Aug 4, 2004
Nanowires take directions from substrate
For the first time, scientists have been able to control the growth direction of a gallium nitride nanowire. The researchers, from the University of California, Berkeley and the Lawrence Berkeley National Laboratory, US, tailored the growth by altering the substrate on which they grew the wires.
"Our results will come as a surprise to those who have said that growth direction can't be controlled, that you get what you get when you grow semiconductor nanowires," said researcher Peidong Yang. "Control over nanowire growth direction is extremely desirable, in that anisotropic parameters such as thermal and electrical conductivity, index of refraction, piezoelectric polarization and band gap may be used to tune the physical properties of nanowires made from a given material."
Yang and colleagues grew gallium nitride nanowires onto two types of substrate - single crystals of lithium aluminium oxide and magnesium oxide - by metal-organic chemical vapour deposition (MOCVD). The wires formed with a wurtzite-type crystal structure on regions of the substrate previously coated with a catalyst such as gold, nickel or iron.
On the (100) plane of a lithium aluminium oxide crystal, which has twofold symmetry, nanowires grew perpendicular to the substrate and in the [11bar0] crystal direction. The wires had cross-sections in the form of isosceles triangles, with the base of the triangles between 15 and 40 nm wide.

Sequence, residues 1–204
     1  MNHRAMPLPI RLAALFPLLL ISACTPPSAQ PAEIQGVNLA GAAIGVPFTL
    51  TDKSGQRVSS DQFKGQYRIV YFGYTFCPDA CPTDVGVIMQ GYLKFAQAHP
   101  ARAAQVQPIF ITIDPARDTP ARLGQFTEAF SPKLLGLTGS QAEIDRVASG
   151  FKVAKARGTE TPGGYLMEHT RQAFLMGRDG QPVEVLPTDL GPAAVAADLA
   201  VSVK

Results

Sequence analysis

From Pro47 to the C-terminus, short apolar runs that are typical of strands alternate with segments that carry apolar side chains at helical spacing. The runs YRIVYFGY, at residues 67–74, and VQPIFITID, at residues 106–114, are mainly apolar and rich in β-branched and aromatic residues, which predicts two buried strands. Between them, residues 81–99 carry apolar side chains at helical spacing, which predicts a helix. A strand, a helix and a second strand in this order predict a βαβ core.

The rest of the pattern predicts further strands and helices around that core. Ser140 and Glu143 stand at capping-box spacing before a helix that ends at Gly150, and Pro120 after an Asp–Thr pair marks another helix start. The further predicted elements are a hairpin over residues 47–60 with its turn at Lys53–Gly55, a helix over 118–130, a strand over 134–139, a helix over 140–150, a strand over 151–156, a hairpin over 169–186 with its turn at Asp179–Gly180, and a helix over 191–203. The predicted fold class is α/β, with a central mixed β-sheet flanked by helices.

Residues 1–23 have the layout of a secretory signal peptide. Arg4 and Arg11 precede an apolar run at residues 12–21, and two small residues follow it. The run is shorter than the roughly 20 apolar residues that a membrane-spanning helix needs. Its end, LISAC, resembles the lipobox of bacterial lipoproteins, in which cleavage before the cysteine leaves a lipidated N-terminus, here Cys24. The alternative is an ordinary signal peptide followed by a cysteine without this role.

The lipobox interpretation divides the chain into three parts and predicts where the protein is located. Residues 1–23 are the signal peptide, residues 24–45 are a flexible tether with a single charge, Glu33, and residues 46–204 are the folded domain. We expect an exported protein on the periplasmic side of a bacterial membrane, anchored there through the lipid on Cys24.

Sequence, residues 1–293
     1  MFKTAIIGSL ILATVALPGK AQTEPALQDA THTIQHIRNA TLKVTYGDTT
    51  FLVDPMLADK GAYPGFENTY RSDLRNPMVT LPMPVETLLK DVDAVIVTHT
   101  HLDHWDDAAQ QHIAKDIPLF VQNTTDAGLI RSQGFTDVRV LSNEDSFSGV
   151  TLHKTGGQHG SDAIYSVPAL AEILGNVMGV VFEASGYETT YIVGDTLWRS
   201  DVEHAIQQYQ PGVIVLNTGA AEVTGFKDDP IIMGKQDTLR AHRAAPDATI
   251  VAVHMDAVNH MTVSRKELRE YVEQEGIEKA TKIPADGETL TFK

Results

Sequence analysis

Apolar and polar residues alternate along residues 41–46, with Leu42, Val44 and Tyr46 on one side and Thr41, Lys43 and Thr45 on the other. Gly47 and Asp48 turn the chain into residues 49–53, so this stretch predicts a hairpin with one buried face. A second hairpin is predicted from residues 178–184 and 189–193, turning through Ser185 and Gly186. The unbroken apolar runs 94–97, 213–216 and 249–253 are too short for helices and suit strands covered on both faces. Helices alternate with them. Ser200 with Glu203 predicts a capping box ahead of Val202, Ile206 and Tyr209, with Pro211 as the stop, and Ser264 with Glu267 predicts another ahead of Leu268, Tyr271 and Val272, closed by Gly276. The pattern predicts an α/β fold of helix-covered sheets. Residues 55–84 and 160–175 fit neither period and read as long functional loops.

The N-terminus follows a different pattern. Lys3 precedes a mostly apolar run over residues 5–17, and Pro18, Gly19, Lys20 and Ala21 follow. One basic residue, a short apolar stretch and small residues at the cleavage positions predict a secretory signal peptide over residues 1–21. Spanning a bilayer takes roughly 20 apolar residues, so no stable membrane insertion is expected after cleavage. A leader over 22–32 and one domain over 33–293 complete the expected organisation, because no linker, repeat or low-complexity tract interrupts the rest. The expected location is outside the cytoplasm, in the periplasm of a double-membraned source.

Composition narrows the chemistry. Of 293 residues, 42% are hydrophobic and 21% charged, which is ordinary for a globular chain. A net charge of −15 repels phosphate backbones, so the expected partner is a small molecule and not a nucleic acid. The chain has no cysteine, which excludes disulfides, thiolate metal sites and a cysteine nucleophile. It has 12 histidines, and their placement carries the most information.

Nanowires deposited on the threefold symmetry of the (111) plane of a magnesium oxide crystal, on the other hand, grew in the  crystal direction, although they still formed at right angles to the substrate. These wires were hexagonal in cross-section.
"In nanowires made from the exact same gallium nitride material but grown on different substrates, the light emission was blue-shifted by 100 meV," said Yang. "We believe the emission difference is a clear manifestation of the different crystal growth directions."
The researchers have also controlled the growth orientation of nanowires of zinc oxide by using different substrates.
"Our goal is to put together a generic scheme for controlling the directional growth of all semiconductor nanowires," said Yang. "When we can do this we will be able to answer some important fundamental questions, such as how would the carrier mobility, light emission and thermoconductivity differ along different crystallographic directions for nanowires with the same compositions and crystal structures."
According to Yang, the use of MOCVD for growing gallium nitride nanowires will also enable the team to integrate nanowires and thin films of various compositions so that they can start making real devices.
The researchers reported their work in Nature Materials.
About the author
Liz Kalaugher is editor of nanotechweb.org.